Nearly two decades after Memorial University College had been established, the world was thrust into the Second World War. Due to the great loss incurred during the previous war Newfoundland didn’t impose a draft. Still, that didn't stop thousands of recruits from bravely volunteering to go into battle.
By the end of 1945, the war had ceased and Newfoundland’s soldiers had begun to return home. To commemorate the fallen, the college was rededicated to also encompass the 1,089 lives lost during this war.
As the veterans returned, the college experienced a surge in enrolment. Despite recent events, positivity was abundant and people were eager to pursue a promising future. Enrolment peaked at 434 students in 1946, and as a result, overcrowded classrooms and laboratories became the norm. As a temporary spacing solution, the government acquired two nearby former American military buildings. Increased enrolment, new academic offerings and a shift in social and economical mindset confirmed Newfoundland’s need for a full-scale university.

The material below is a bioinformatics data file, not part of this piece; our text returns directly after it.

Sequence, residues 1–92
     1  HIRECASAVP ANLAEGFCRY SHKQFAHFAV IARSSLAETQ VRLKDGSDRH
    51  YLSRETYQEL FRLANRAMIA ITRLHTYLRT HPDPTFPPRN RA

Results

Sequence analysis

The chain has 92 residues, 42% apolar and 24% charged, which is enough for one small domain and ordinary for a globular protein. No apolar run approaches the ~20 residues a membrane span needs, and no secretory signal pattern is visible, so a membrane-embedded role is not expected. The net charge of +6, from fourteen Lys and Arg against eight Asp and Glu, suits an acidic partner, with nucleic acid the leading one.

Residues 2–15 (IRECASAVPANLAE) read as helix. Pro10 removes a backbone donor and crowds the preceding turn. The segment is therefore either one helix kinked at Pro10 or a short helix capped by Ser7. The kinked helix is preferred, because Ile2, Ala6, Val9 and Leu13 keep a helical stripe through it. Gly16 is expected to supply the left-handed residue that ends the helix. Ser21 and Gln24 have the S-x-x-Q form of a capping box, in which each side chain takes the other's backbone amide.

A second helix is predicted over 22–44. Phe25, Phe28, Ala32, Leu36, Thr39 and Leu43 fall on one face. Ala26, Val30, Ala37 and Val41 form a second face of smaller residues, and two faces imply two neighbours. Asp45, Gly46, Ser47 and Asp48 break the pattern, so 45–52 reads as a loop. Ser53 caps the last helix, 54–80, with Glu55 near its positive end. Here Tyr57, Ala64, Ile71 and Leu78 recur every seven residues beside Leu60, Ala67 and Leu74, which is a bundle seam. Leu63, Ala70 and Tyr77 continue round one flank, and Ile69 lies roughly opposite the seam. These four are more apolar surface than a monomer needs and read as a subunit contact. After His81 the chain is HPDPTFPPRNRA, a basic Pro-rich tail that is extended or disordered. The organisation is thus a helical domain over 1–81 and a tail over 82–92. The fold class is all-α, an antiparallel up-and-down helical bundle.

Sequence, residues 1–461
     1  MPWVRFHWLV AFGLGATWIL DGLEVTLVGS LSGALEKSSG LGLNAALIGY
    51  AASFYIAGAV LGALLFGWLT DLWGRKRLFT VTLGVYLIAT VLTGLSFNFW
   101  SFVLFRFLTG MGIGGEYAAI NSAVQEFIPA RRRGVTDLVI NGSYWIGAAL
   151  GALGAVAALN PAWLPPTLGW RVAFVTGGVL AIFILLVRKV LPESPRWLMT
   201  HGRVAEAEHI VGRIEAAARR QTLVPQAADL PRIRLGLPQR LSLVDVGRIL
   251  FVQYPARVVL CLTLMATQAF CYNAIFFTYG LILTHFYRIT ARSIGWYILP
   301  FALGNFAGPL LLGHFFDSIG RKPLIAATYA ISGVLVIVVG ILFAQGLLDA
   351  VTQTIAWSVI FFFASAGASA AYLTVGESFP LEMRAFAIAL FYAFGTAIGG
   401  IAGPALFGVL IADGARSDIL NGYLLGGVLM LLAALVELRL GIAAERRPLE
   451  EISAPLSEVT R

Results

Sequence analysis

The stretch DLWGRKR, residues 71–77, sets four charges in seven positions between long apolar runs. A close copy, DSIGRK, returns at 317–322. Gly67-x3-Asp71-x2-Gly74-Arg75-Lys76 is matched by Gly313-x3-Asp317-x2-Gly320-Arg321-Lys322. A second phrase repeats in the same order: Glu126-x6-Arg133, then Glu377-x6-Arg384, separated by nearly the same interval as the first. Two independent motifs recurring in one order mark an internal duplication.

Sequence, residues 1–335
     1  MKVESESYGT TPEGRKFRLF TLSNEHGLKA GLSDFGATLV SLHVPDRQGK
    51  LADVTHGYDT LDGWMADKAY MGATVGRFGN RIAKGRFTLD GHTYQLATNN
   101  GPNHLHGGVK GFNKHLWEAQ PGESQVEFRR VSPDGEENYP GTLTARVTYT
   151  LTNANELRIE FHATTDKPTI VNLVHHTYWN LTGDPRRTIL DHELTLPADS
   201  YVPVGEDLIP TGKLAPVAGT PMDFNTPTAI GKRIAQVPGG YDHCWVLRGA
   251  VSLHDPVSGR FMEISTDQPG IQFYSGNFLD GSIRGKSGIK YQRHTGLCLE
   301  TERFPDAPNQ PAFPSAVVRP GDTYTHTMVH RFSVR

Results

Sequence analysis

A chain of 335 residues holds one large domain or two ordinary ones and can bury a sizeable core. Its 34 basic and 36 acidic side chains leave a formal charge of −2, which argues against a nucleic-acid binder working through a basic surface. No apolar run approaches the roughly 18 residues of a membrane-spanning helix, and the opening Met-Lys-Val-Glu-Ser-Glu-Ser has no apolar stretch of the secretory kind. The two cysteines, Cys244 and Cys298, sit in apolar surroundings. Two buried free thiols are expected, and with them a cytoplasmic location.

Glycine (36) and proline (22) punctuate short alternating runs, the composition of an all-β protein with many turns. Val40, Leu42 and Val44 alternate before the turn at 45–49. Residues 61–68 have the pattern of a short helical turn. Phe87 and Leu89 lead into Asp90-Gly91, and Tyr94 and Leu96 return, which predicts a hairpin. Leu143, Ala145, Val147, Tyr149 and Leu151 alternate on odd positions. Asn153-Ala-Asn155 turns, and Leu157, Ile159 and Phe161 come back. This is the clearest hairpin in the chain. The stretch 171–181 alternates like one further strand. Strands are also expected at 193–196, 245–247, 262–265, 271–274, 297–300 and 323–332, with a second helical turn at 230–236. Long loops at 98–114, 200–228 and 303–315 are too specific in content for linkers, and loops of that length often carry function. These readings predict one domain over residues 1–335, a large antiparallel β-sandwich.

Soon after Newfoundland joined Confederation in 1949, a bill was passed elevating the college to university status. From that moment on, we would be known to the world as Memorial University of Newfoundland.